The Symbiotic Continuum Within Ticks: Opportunities for Disease Control

Sabir Hussain, Nighat Perveen, Abrar Hussain, Baolin Song, Muhammad Umair Aziz, Jehan Zeb, Jun Li, David George, Alejandro Cabezas-Cruz, Olivier Sparagano

Research output: Contribution to journalReview articlepeer-review

17 Citations (Scopus)


Among blood-sucking arthropods, ticks are recognized as being of prime global importance because of their role as vectors of pathogens affecting human and animal health. Ticks carry a variety of pathogenic, commensal, and symbiotic microorganisms. For the latter, studies are available concerning the detection of endosymbionts, but their role in the physiology and ecology of ticks remains largely unexplored. This review paper focuses on tick endosymbionts of the genera Coxiella, Rickettsia, Francisella, Midichloria, and Wolbachia, and their impact on ticks and tick-pathogen interactions that drive disease risk. Tick endosymbionts can affect tick physiology by influencing nutritional adaptation, fitness, and immunity. Further, symbionts may influence disease ecology, as they interact with tick-borne pathogens and can facilitate or compete with pathogen development within the vector tissues. Rickettsial symbionts are frequently found in ticks of the genera of Ixodes, Amblyomma, and Dermacentor with relatively lower occurrence in Rhipicephalus, Haemaphysalis, and Hyalomma ticks, while Coxiella-like endosymbionts (CLEs) were reported infecting almost all tick species tested. Francisella-like endosymbionts (FLEs) have been identified in tick genera such as Dermacentor, Amblyomma, Ornithodoros, Ixodes, and Hyalomma, whereas Wolbachia sp. has been detected in Ixodes, Amblyomma, Hyalomma, and Rhipicephalus tick genera. Notably, CLEs and FLEs are obligate endosymbionts essential for tick survival and development through the life cycle. American dog ticks showed greater motility when infected with Rickettsia, indirectly influencing infection risk, providing evidence of a relationship between tick endosymbionts and tick-vectored pathogens. The widespread occurrence of endosymbionts across the tick phylogeny and evidence of their functional roles in ticks and interference with tick-borne pathogens suggests a significant contribution to tick evolution and/or vector competence. We currently understand relatively little on how these endosymbionts influence tick parasitism, vector capacity, pathogen transmission and colonization, and ultimately on how they influence tick-borne disease dynamics. Filling this knowledge gap represents a major challenge for future research.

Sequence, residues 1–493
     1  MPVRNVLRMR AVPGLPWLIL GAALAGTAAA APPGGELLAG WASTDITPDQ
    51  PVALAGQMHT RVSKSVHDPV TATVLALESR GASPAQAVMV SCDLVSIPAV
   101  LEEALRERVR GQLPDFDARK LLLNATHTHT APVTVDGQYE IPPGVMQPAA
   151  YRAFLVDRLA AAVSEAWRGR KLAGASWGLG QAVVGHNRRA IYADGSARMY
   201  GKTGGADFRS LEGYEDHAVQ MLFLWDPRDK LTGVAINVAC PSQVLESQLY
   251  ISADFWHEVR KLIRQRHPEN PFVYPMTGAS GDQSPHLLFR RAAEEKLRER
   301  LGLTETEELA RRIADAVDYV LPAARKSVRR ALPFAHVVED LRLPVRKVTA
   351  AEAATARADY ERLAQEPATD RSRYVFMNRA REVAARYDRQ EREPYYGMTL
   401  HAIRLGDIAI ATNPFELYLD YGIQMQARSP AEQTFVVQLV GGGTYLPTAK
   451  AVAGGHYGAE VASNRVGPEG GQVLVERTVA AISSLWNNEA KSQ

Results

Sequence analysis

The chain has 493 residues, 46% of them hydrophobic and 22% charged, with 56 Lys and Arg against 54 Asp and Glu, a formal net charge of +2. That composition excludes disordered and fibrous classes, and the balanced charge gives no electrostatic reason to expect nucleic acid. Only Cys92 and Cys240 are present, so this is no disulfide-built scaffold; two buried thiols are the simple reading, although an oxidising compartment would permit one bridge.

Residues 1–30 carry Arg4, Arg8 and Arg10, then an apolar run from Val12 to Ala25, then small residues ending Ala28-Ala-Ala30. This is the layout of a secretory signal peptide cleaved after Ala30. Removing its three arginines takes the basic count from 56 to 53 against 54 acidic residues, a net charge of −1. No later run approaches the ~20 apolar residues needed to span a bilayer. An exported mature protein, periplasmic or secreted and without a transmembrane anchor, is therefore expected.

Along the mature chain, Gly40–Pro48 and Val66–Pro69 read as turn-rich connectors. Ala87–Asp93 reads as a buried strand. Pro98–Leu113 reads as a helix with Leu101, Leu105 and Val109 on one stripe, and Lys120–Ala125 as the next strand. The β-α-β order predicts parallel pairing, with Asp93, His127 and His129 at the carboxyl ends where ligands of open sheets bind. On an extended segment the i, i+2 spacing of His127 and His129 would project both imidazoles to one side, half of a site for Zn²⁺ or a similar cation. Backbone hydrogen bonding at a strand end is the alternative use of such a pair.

Original languageEnglish
Article number854803
JournalFrontiers in Microbiology
Publication statusPublished - Mar 17 2022


  • symbiont-pathogen interactions
  • tick continuum
  • tick microbiota
  • tick physiology
  • tick symbiont
  • tick-borne diseases ecology

ASJC Scopus subject areas

  • Microbiology
  • Microbiology (medical)


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